What is the difference between a western guitar and an acoustic guitar?
Hope Asked: What is the difference between a western guitar and an acoustic guitar?
I'm really wondering what the difference is and if there is one can you use a western guitar the same way as an acoustic guitar??
western or electrical
An electric guitar is a type of guitar that uses electronic pickups to convert the vibration of its steel-cord strings into electrical current. The signal may be electrically altered to achieve various tonal effects prior to being fed into an amplifier, which produces the final sound which can be either an electrical sound or an acoustic sound. Distortion, equalization, or other pedals can change the sound that is emitted from the amplifier.
The electric guitar is used extensively in many popular styles of music, including almost all genres of rock and roll, country music, pop music, jazz, blues, and even contemporary classical music. Its distinctive sound and intimate association with many legendary internationally-famous musicians has made it the signature instrument of late twentieth-century music.
Specialised steel guitars, although they are also electric instruments descended from the guitar, are normally not considered electric guitars but rather as a separate instrument. This distinction has important consequences on claims of priority in the history of the electric guitar.
a folk guitar or acoustics
There are several subcategories within the acoustic guitar group: steel string guitars, which includes the flat top, or "folk" guitar, the closely related twelve string guitar, and the arch top guitar. A recent arrival in the acoustic guitar group is the acoustic bass guitar, similar in tuning to the electric bass.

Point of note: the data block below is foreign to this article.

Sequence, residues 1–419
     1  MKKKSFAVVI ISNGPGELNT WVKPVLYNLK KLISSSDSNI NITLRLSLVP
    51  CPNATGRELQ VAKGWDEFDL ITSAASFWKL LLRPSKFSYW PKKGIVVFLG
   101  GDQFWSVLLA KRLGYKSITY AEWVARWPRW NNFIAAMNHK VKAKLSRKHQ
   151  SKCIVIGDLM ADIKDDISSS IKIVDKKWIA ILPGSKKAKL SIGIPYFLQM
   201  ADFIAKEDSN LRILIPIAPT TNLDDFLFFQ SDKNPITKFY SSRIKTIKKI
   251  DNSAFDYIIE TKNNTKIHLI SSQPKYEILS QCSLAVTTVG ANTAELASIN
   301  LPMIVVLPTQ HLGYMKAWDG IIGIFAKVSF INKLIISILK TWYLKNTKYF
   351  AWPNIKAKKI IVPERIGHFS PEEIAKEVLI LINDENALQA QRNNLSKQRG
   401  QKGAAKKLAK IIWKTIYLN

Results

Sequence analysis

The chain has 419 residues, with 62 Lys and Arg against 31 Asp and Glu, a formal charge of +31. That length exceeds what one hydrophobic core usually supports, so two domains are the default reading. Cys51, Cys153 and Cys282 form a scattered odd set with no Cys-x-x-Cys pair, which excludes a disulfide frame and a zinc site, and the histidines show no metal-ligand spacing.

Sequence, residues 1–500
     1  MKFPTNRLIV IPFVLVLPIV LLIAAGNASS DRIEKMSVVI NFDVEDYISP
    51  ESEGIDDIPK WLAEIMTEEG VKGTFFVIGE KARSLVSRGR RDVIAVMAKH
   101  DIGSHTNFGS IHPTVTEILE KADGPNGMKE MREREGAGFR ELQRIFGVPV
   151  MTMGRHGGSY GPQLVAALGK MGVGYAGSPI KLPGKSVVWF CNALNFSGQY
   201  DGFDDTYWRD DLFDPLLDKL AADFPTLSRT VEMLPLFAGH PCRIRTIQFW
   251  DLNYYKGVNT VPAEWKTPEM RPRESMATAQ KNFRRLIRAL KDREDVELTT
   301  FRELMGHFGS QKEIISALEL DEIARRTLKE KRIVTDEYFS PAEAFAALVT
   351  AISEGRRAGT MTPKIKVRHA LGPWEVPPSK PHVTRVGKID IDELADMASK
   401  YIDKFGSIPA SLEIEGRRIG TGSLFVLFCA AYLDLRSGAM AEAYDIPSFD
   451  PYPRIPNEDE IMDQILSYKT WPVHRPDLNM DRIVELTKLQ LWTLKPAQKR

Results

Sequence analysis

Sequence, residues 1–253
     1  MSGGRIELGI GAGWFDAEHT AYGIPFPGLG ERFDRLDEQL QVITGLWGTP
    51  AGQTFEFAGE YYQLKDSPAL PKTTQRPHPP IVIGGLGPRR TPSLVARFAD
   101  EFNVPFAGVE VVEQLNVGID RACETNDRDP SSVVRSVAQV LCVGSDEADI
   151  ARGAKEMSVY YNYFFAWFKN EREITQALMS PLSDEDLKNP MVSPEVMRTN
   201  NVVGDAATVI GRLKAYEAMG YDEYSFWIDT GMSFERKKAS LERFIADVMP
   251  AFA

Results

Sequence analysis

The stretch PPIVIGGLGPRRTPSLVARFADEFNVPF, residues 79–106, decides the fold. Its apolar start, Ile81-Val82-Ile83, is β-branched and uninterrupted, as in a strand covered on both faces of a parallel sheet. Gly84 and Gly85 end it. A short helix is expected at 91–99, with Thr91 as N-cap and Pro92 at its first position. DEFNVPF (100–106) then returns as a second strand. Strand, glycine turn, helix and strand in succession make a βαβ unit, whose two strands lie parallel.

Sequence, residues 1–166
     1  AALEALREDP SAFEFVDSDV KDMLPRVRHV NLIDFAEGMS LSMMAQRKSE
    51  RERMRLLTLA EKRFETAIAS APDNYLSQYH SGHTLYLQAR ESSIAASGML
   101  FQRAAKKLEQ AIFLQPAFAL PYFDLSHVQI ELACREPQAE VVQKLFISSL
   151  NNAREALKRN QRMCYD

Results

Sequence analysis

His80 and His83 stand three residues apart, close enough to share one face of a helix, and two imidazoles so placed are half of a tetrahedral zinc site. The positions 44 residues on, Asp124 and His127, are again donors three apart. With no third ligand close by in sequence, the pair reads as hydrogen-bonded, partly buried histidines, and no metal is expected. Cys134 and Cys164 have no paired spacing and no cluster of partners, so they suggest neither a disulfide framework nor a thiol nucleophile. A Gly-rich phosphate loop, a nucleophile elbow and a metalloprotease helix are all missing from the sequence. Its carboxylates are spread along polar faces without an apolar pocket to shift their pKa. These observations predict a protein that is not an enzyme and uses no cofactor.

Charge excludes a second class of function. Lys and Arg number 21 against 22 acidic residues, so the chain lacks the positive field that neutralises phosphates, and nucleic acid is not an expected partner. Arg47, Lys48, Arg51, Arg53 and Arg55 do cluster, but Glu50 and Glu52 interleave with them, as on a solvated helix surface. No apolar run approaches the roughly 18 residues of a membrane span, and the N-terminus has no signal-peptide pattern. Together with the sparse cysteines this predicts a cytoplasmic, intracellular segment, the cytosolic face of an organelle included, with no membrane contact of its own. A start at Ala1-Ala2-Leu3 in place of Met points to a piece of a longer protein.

A steel string acoustic guitar is a modern form of guitar descended from the classical guitar, but strung with steel strings for a brighter, louder sound. Strictly speaking, the terms steel-stringed guitar, classical guitar and folk guitar all refer to acoustic (that is, non-electric) guitars, though some of these terms refer to different types of instruments (nylon-strung vs. steel-strung). The term "acoustic guitar" is a retronym, since before the invention of the electric instrument, all guitars were "acoustic".
There are many different variations on the construction of and materials used in acoustic guitars. More expensive guitars feature solid tonewood tops (often spruce), sides and backs (often rosewood, maple, or mahogany). Lower-priced guitars can combine solid tops with laminated backs and/or sides. Entry-level guitars are usually made entirely of laminated tonewood. Necks are generally made of mahogany (either Philippine or Honduras), and fingerboards are usually made of dense tropical hardwoods such as rosewood or ebony. The various combinations of the different woods and their quality, along with design and construction elements (for example, how the top is braced) are among the factors affecting the timbre or "tone" of the guitar. Many players and builders feel a well made guitar's tone improves over time.